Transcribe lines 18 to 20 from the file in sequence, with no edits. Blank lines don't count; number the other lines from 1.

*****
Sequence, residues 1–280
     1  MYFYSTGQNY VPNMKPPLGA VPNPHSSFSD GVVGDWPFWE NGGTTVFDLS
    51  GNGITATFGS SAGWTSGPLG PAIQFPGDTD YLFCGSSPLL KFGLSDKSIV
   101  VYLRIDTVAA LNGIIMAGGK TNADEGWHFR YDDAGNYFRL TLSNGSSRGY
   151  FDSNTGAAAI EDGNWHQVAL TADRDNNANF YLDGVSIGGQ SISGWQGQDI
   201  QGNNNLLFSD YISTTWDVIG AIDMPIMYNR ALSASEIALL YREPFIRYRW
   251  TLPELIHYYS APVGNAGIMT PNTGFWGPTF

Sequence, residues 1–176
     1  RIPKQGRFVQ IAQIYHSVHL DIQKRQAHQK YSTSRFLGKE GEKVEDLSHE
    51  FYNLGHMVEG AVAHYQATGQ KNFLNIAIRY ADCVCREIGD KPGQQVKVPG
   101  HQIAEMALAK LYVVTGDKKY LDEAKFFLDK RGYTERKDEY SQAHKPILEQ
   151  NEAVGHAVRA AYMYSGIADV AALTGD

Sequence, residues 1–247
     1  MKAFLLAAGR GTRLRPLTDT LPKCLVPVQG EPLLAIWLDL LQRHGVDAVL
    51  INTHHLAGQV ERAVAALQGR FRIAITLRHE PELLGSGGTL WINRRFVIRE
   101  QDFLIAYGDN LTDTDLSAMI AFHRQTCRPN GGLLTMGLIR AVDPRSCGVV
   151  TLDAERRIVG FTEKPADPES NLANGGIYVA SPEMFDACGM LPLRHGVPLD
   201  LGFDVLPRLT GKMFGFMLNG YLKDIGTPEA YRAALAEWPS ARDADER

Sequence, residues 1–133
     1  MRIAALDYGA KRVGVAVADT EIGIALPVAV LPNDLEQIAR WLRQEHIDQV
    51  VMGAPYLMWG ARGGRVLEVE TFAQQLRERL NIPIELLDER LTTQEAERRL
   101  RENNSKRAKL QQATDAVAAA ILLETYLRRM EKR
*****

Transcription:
   201  LGFDVLPRLT GKMFGFMLNG YLKDIGTPEA YRAALAEWPS ARDADER

Sequence, residues 1–133
     1  MRIAALDYGA KRVGVAVADT EIGIALPVAV LPNDLEQIAR WLRQEHIDQV